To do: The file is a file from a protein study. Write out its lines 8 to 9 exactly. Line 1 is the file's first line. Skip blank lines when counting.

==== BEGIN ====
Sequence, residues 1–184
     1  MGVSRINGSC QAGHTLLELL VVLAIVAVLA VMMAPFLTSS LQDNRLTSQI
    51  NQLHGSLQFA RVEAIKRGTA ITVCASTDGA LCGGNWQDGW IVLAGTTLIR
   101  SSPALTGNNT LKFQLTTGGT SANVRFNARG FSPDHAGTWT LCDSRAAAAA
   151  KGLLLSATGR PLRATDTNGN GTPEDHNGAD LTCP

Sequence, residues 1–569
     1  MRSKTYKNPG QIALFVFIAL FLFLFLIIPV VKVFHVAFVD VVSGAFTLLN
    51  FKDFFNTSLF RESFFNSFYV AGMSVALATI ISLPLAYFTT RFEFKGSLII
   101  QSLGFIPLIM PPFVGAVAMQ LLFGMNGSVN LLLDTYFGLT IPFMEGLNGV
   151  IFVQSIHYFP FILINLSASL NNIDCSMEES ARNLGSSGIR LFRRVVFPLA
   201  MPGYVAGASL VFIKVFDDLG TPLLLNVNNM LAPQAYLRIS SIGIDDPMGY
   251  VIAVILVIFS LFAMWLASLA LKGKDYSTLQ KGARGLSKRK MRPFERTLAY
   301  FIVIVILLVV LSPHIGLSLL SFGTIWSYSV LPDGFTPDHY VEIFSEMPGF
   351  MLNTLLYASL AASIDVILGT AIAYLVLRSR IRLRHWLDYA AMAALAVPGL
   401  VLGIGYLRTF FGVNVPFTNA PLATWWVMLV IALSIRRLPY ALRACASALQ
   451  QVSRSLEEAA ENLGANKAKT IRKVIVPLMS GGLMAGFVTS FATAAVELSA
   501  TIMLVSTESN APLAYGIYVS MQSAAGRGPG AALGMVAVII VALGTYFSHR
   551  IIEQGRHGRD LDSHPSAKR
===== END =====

    51  FKDFFNTSLF RESFFNSFYV AGMSVALATI ISLPLAYFTT RFEFKGSLII
   101  QSLGFIPLIM PPFVGAVAMQ LLFGMNGSVN LLLDTYFGLT IPFMEGLNGV